November 26-28 — Weekend reading: evergreens. Pixels to take to the mall or to peruse while resting off the big meal:

* Out-of-state defendants sued for more than $75,000 in a state court should be able to choose removal of the suit to a U.S. district court with its greater objectivity between local and nonlocal litigants, argues Phelps Dunbar partner Michael Wallace in one of the more promising proposals for liability reform we’ve heard in a while (Michael Wallace, “A Modest Proposal for Tort Reform“, from vol. 1, issue 3 of Federalist Society Litigation Working Group newsletter; at Federalist Society website).

* How to tell you’ve been the victim of a staged car accident: tips from a local CBS-TV affiliate’s story on “Los Angeles’ most unlucky driver” (you’re driving alone in a newer car, someone in one vehicle distracts your attention, a second older car with several passengers gets in front of you and suddenly slams brakes, none of the alleged victims carry photo IDs) and from investigator Jack Murray’s book on the subject (the incident occurred midblock, not in rush hour and with no eyewitnesses, struck vehicle “has had tire pressure in the rear tires lowered (causes more taillight damage and stops more quickly)”. (“Special Assignment: Staged Accidents“,, March 28, 1998; Jack Murray, “Red flags: a 14 point checklist“, not dated, National Association of Investigative Specialists website).

* “Procedures And Rules Regarding Suits Against Public Entities” — well, okay, it’s a dry title for an undeniably dry outline of the steps involved in extracting money from City Hall, but you’ve got to admit it bears an interesting byline: Johnnie L. Cochran, Jr., whose success in litigating personal-injury cases both preceded and followed his better-known role in assisting O.J. Simpson to walk free of murder charges (website of California law firm Kiesel, Boucher and Larson LLP — full paper, undated).

November 24-25 — Don’t redeem that coupon! Under the heading, “Free money for doing nothing”, financial commentator Andrew Tobias writes, “If you’ve ever owned a Toshiba laptop — I’ve owned two — apparently you’re in line for $200-$400 because Toshiba has to pay us $2 billion because . . . well, because . . . I’m actually not going to claim my prize, because it doesn’t feel right. But, as noted over on, it makes an interesting story.” (, Nov. 24). Our coverage of the Toshiba laptop settlement ran Nov. 3, Nov. 5, Nov. 17 and Nov. 23.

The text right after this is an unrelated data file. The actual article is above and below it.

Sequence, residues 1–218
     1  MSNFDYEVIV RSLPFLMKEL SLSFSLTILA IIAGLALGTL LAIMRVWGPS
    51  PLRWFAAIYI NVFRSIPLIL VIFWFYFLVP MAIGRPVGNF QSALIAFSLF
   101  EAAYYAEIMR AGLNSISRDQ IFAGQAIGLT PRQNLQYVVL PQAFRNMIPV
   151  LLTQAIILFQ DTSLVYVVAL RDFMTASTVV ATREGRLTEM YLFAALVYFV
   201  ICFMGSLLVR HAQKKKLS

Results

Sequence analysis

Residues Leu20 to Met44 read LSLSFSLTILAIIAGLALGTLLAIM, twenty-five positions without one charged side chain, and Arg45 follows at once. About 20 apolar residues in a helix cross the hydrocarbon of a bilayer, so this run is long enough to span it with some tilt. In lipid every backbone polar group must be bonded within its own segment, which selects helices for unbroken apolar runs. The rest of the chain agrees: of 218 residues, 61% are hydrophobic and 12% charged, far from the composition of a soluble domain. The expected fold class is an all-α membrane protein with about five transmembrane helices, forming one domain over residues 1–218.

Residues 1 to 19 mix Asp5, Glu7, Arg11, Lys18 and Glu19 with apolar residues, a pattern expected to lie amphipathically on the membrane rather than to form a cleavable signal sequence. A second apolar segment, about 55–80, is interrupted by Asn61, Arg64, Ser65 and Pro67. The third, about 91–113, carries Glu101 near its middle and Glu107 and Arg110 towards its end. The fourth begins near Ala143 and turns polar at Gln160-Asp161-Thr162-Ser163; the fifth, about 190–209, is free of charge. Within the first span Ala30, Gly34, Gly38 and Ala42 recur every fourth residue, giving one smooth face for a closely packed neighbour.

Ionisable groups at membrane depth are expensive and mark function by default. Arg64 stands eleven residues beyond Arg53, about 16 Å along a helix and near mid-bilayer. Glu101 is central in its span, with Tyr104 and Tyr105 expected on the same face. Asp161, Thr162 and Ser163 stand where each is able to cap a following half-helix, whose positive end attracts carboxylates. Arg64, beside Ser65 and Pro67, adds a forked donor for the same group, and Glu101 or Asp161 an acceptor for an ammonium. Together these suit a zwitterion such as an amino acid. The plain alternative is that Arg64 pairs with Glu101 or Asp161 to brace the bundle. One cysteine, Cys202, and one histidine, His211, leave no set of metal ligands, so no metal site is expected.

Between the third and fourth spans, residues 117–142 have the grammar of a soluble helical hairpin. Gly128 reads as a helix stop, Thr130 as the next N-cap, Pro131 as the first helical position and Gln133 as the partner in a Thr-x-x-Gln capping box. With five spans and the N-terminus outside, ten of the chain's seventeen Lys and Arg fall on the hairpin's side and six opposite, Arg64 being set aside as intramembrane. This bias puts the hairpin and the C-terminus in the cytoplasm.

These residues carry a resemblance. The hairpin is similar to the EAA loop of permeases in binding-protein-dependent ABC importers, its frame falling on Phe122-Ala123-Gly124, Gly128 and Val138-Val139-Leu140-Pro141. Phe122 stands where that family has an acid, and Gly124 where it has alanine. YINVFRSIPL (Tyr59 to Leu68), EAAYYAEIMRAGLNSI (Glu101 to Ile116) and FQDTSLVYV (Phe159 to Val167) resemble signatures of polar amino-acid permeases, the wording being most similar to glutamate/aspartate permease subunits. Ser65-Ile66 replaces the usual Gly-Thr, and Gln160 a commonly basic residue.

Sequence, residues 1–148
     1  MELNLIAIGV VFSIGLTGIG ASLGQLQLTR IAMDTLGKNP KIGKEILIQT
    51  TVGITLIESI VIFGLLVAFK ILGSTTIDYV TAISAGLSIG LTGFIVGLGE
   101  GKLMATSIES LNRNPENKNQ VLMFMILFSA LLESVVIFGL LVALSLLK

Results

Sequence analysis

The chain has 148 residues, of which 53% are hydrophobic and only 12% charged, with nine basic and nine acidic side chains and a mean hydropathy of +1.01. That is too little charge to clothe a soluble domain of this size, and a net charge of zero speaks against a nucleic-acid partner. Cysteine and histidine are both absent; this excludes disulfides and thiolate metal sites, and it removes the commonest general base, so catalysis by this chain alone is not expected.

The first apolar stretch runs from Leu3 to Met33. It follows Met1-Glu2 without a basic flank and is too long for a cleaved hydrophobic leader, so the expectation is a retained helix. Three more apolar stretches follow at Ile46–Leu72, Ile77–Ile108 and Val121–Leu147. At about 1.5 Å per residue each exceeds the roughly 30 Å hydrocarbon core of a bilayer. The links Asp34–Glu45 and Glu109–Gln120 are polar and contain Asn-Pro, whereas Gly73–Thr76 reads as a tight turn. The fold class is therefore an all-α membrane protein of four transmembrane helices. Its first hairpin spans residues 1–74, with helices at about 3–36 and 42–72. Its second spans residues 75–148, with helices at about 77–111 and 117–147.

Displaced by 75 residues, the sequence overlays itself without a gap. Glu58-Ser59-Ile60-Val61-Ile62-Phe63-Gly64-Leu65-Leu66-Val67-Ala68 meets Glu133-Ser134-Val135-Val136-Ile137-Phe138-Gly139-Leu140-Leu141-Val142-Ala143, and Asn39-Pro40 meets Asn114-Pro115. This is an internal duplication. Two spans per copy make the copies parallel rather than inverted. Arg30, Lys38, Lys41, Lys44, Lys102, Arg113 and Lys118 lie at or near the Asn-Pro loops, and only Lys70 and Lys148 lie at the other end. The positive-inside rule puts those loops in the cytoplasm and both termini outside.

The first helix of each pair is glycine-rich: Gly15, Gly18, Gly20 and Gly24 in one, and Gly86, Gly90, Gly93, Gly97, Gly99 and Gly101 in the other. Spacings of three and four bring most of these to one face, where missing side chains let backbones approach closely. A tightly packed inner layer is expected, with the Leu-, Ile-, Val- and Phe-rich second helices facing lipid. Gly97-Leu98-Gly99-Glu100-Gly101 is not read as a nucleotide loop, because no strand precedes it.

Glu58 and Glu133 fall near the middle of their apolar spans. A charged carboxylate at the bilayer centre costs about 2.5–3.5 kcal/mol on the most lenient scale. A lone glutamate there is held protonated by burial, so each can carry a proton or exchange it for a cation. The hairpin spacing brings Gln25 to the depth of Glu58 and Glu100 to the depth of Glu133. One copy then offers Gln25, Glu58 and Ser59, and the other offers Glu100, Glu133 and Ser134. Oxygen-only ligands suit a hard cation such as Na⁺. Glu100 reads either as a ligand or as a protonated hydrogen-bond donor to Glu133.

November 24-25 — From our mail sack: memoir of a morsel. We’ve generally refrained from publishing on this site the many letters people send us describing their horrible personal experiences in court. Just this once, we’re going to break that rule and run this one from Paul Boyce of Tustin, Calif.:

“I am a small businessman, owner of a 3-employee business helping companies with their carpool programs (one of those employees is my wife). We were sued by an employee for wrongful termination 5 years ago, at a time when we had six employees. She had been working for me for only 6 months when I let her go. We went into binding arbitration, supposedly a low cost alternative to a jury trial. I lost. With penalties and interest, the judgment came to over $240,000. In 1998, I filed for Chapter 7 liquidation bankruptcy — there was no way I could pay that much! In fact, business revenues were down to 1/5 of what they were when she sued me. Last year I earned $60,000. My lawyer’s fees came to $55,000.

“In the bankruptcy, the only asset we had was our small-business retirement plan savings, amounting to about $350,000. What was astonishing was that the judge said that because my wife and I are in our mid 40s, we didn’t need the $350,000 — we could easily make it up! He based this on tables showing how long we could be expected to live versus how much we could be expected to make at hypothetical government jobs. So he ordered our retirement plan be handed over to the contingency fee lawyers to be split up. We’ve asked around and the best we can tell, the employee who sued us 5 years ago will get maybe $35,000 for her efforts. We counted a total of 4 contingency fee lawyers on her side.

“The result of all this is that I’ve decided to close the office and lay off my only employee. It’s just a lot easier and less risky to run the business out of our home.

“The legal system, with its strong preference for feeding the lawyers at the expense of morsels like me, shows me how far astray from the constitution our great country has strayed. It’s a parody of what the founding fathers had in mind when they clearly expressed their historic vision. Today, it’s all about the lawyers and how clever they are at shifting even more wealth their way.”

Paul and Sandy Boyce can be reached at Commuter Services Group, Tustin, CA.

November 24-25 — CNN “Moneyline”. Watch for our editor as a likely guest on this evening’s (Wed., Nov. 24) CNN Moneyline, discussing the continuing lawsuit boom.